But what are the wider ramifications of pursuing an AI-only customer service approach?

All in on AI

Korean Air has described its latest AICC venture as part of the company’s strategy of enhancing its “digital transformation capabilities to maximize customer satisfaction.”

Yet, Korean Air’s customers were not exactly dissatisfied to begin with. In the annual World Airline Awards run by Skytrax, the company was voted the 10th best in the world, placing above the likes of American Airlines, British Airways, and Delta.

Interestingly, the former of these three airline behemoths also recently made news for laying off 656 members of their contact center team, as part of the company’s plan to “elevate” its customer support offerings by creating a single Customer Success team.

American low-cost flight provider Frontier Airlines actually took things step further by completing removing its telephony support option, with customers only able only to interact with a human agent over online chat.

In a discussion with CX Today’s Rob Scott, Director of CX Digital Transformation at Frontier Airlines, Leonardo Declich, described AI as “critical” to the way the company has managed to continue providing support without a designated telephone line.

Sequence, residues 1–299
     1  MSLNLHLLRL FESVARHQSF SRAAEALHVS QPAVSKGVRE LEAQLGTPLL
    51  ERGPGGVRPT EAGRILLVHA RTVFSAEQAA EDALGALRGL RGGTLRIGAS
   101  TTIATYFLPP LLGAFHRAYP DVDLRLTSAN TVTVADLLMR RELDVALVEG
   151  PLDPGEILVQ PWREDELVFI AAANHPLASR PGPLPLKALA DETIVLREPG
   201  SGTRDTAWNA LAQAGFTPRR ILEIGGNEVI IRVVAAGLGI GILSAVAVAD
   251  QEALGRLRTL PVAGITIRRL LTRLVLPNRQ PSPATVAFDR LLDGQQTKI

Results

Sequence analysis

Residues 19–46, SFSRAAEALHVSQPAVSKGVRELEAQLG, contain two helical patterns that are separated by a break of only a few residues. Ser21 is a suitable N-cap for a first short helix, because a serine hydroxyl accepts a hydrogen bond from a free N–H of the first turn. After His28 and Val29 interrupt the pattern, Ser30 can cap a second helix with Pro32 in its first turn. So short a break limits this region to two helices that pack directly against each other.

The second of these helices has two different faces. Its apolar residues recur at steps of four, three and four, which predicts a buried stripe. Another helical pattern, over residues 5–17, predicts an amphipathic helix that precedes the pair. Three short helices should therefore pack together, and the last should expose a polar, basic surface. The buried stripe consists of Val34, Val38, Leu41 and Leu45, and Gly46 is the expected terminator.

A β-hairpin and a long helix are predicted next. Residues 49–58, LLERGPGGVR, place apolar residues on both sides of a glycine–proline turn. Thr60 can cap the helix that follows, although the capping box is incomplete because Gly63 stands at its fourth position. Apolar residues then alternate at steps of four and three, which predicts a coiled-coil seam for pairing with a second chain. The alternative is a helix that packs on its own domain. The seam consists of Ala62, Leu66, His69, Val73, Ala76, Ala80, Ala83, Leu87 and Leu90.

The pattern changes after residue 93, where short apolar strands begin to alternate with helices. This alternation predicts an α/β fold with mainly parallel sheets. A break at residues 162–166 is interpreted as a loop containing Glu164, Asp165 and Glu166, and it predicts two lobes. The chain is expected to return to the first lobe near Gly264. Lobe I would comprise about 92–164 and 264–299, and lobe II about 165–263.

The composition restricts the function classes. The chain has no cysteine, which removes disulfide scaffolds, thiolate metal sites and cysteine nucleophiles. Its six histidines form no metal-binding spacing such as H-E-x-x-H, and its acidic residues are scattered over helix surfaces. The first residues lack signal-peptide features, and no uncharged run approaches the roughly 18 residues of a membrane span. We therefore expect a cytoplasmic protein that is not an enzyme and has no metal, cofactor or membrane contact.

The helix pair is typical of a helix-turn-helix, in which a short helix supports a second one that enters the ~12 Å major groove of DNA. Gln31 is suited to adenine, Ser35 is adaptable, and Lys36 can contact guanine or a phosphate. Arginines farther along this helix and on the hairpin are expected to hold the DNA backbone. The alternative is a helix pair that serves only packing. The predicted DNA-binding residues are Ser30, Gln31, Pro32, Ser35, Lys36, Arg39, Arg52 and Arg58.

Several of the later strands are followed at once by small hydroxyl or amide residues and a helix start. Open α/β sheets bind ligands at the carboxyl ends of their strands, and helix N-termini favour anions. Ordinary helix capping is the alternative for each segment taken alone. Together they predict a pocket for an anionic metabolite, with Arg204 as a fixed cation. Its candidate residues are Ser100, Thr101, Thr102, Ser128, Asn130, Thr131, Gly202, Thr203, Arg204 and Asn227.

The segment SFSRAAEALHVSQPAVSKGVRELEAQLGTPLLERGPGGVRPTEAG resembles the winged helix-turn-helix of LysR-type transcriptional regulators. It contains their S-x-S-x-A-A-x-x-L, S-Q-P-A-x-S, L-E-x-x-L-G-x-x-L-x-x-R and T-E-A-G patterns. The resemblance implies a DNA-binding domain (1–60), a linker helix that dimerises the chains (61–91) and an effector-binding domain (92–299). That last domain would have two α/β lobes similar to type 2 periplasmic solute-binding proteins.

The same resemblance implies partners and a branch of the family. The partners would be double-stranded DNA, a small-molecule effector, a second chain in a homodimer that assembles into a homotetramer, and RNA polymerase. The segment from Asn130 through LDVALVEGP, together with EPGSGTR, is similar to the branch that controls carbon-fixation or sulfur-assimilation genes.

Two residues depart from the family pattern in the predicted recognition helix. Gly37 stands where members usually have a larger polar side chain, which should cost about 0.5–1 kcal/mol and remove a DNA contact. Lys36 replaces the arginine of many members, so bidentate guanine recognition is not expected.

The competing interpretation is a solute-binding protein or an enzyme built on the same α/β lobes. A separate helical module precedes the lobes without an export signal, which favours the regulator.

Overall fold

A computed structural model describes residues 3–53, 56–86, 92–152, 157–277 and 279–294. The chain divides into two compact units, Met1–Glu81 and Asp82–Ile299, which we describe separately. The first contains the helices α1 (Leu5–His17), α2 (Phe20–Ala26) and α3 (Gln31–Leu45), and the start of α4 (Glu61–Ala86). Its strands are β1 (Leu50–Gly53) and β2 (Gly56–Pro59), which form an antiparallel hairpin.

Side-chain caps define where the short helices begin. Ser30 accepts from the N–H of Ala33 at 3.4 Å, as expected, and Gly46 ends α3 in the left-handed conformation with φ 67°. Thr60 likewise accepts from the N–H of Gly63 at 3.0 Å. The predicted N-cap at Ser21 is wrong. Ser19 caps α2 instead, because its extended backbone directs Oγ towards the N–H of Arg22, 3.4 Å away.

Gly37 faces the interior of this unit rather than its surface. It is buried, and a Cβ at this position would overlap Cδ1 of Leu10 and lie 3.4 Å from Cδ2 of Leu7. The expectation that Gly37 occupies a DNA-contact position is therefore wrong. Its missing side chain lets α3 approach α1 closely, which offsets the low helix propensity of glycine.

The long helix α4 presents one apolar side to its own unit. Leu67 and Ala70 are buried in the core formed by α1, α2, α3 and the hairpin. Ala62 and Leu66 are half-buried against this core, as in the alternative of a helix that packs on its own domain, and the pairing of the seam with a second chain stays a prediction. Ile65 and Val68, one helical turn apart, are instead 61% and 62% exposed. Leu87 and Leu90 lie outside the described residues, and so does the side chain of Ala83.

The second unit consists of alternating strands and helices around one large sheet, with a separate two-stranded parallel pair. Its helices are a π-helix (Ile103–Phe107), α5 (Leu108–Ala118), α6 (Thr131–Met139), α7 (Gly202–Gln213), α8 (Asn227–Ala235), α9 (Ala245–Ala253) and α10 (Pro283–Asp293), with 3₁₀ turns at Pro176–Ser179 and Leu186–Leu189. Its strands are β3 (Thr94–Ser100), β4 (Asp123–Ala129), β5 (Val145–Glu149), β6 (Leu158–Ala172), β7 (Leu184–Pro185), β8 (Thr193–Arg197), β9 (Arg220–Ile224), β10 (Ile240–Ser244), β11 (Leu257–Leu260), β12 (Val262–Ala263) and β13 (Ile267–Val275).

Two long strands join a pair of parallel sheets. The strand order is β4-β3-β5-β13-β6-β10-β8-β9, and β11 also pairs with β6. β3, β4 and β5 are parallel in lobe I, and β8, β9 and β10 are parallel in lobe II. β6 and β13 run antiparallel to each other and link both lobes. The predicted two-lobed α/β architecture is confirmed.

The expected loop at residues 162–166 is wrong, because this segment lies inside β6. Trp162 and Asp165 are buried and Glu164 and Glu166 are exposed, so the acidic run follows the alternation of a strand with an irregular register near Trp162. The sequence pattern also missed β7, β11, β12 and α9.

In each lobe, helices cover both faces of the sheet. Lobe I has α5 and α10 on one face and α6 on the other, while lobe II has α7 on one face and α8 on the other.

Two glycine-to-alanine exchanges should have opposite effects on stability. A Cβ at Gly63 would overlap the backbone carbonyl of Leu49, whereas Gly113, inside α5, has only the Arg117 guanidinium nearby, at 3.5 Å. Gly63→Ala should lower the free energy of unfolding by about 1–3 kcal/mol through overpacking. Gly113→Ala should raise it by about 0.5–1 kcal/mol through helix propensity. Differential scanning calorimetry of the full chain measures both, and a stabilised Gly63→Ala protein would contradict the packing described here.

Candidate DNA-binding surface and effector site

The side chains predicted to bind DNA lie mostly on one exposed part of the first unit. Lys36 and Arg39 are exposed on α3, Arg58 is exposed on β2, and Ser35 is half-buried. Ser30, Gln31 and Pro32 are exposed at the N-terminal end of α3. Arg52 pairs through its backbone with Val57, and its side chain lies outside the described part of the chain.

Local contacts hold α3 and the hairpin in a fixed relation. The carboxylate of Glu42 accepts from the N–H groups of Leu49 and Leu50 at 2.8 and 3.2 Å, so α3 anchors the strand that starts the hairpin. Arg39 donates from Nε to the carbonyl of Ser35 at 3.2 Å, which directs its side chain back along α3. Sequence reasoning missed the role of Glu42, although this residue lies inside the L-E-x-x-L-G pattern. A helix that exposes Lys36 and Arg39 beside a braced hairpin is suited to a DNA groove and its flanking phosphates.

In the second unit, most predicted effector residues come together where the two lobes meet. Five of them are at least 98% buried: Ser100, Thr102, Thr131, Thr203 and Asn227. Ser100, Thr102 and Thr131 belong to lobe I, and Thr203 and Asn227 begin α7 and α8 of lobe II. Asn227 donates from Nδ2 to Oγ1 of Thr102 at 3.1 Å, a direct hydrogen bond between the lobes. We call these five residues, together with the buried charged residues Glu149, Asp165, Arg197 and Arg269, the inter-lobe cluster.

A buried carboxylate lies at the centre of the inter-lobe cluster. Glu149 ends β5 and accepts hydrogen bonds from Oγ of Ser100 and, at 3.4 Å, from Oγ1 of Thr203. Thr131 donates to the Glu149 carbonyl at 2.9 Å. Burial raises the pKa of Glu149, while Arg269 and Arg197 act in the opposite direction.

“The way we are using conversational AI is in the form of our chatbot, which is our first line of support. So, this allows us to empower our customers to self-serve and to do so more quickly than they would if they had to wait to be connected to a live agent,” explained Declich.

While both of these scenarios are clearly different to Korean Air’s situation, they are still examples of major airlines investing more heavily in AI and tech innovations to enhance their customer service offerings.

Unfortunately for Korean Air, neither American Airlines nor Frontier appear to be impressing customers at the minute. On consumer review site Trustpilot, the companies have scores of 1.1 and 1.4 out of five respectively, with 94% of Frontier’s 980 reviews receiving one star.